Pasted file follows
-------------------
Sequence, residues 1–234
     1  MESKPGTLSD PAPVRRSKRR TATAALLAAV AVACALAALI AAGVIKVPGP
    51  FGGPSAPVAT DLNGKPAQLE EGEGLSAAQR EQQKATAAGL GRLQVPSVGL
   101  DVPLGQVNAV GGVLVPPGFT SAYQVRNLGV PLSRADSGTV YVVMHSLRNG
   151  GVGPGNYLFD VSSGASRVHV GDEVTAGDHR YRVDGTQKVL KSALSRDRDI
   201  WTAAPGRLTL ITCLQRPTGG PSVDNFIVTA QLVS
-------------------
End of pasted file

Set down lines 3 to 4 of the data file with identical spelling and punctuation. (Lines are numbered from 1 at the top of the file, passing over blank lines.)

    51  FGGPSAPVAT DLNGKPAQLE EGEGLSAAQR EQQKATAAGL GRLQVPSVGL
   101  DVPLGQVNAV GGVLVPPGFT SAYQVRNLGV PLSRADSGTV YVVMHSLRNG